Faivre praised his “beautifully written essays, extremely intelligent comments in class, and an exceptional attitude. From the very first class, Ronald demonstrated a deep understanding of the connection between a foreign language and a country’s specific culture and literature.”
Ron spent a month studying in France, was president of the French Club, and tutored students in French and Spanish. He volunteered to help build houses in New Orleans as part of the NOLA immersion outreach sponsored by Campus Ministry, drove a student group to a Habitat for Humanity site in Pennsylvania, helped out at the St. Edward’s Parish food pantry in Providence, and delivered furniture to the needy with My Brother’s Keeper. Nicole and Ron also volunteered at Emmanuel House in Providence, a shelter for the homeless.
Ron is the 2018 recipient of the Rev. Raymond St. George, O.P. Award, presented by the Department of Foreign Language Studies to the highest-ranking French major, and he earned the Highest in Concentration Award in his second major, computer science.
“I wanted to make the most of my education,” he said. “I was driven by the people who came before me. They instilled in me the sense of drive, of excelling to be the best student you can be. Our parents made a lot of sacrifices for our education, and we want to repay them. We want to do well, have a great career, and give back to the community.”
Nicole excelled in her biology studies as well.
After taking a microbiology class with Dr. Brett Pellock, associate professor of biology, she began assisting with research in his lab. “I was impressed with her performance in microbiology, where she earned high marks for her efforts,” said Pellock. “She has done well in the lab, and I think it has been an important growth experience for her.”
Nicole worked with the bacterium Shewanella Oneidensis to understand how bacteria respond to a variety of stress conditions. When the work is published later this year, Nicole will be a co-author on the peer-reviewed article.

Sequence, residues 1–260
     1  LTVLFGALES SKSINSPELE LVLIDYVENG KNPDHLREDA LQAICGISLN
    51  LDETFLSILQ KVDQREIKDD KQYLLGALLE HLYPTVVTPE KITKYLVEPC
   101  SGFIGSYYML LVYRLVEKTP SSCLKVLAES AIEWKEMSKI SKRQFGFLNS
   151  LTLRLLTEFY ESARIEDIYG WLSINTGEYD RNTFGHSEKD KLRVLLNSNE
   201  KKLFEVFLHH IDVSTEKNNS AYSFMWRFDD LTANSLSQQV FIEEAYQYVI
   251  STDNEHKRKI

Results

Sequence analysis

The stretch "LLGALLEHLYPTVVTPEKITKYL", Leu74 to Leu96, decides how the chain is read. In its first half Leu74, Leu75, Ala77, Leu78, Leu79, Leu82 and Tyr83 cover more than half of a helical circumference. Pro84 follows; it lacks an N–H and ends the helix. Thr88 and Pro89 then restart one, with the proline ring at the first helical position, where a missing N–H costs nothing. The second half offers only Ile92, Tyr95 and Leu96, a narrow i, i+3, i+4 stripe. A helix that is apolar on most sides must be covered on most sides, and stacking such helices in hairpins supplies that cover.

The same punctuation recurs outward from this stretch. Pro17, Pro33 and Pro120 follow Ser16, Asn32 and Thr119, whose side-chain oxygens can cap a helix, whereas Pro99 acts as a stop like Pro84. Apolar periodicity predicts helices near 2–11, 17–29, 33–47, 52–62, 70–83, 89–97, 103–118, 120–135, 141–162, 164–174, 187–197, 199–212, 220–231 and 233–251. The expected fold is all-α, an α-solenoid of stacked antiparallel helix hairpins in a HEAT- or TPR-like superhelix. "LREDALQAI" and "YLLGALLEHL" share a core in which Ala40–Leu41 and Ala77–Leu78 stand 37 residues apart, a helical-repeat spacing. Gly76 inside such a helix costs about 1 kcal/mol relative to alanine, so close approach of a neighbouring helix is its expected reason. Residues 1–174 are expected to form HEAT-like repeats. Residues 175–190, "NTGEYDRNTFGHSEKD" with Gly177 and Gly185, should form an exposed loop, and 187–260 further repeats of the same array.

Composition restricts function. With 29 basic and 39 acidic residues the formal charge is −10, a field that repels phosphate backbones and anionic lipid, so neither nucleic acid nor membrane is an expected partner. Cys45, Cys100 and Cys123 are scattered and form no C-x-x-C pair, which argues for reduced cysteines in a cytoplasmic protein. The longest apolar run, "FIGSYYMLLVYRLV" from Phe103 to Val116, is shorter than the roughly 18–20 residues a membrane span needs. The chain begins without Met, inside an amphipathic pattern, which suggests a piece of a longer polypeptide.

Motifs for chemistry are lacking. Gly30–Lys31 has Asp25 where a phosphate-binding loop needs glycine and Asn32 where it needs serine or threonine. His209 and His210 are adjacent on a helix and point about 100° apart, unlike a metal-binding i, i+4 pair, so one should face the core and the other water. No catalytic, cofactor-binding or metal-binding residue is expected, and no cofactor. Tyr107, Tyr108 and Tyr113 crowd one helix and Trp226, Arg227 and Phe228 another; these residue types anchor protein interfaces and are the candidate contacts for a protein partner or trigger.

“She is a very hard worker, and I am proud to say that she put in the work to learn what she needed to write a quality proposal and independently present her research at a scientific conference,” Pellock said.
Dr. Cara Pina, a postdoctoral research fellow in biology, supervised and mentored Nicole. She encouraged Nicole to apply for a travel scholarship to the SACNAS (Society for Advancement of Chicanos/Hispanics and Native Americans in Science) National Diversity in STEM Annual Conference in Utah during the Fall 2017 semester.
“The conference was empowering for me,” Nicole said. “I saw for the first time people of color doing some great work and everyone being so supportive.” She was inspired to help create a SACNAS chapter at PC.
“I felt so supported here, especially by the faculty,” Nicole said. “The biology department was great in helping me develop.”
Both Zapata and Ralph Tavares ’01, assistant dean and director of multicultural student success, were very helpful to students of color, the De La Rosas said. “They always let us know about internship and research opportunities we could apply for,” Nicole said.
Dr. Keith W. Morton, professor of public and community service studies and co-coordinator of the Smith Hill Annex, says that the center helps to develop collaborations between Providence College and the Smith Hill community.
“The De La Rosas ended up at Providence College because of a chance conversation at the Annex,” he said. “Bridges can and are being built between campus and community. This positive outcome is one example of what can happen as we get to know one another as neighbors.”
Nicole plans to take a gap year and work as a certified nursing assistant (CNA) before applying to graduate school to become a physician assistant (PA). Ron hopes to land a job in computer science where he can utilize his fluency in French.
“We were m eant to go here,” Nicole said. “Now we get to share the day. I’m so happy we’re graduating together.”